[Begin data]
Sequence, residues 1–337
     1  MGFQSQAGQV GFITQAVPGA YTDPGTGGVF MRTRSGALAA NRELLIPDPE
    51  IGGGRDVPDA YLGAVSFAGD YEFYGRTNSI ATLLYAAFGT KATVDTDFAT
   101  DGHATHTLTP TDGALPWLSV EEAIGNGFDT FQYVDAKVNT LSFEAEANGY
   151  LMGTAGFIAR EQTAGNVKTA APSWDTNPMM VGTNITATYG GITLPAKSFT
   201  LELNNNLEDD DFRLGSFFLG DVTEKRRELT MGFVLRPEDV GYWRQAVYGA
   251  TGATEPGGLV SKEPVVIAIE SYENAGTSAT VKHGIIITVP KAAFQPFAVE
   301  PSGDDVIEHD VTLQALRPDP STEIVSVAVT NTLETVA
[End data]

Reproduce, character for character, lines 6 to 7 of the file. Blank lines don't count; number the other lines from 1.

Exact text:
   201  LELNNNLEDD DFRLGSFFLG DVTEKRRELT MGFVLRPEDV GYWRQAVYGA
   251  TGATEPGGLV SKEPVVIAIE SYENAGTSAT VKHGIIITVP KAAFQPFAVE